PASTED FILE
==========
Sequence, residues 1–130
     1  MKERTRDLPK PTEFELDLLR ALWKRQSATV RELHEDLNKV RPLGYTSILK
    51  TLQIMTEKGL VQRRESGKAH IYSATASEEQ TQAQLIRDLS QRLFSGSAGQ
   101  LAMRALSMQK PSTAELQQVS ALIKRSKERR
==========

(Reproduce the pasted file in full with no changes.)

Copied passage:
Sequence, residues 1–130
     1  MKERTRDLPK PTEFELDLLR ALWKRQSATV RELHEDLNKV RPLGYTSILK
    51  TLQIMTEKGL VQRRESGKAH IYSATASEEQ TQAQLIRDLS QRLFSGSAGQ
   101  LAMRALSMQK PSTAELQQVS ALIKRSKERR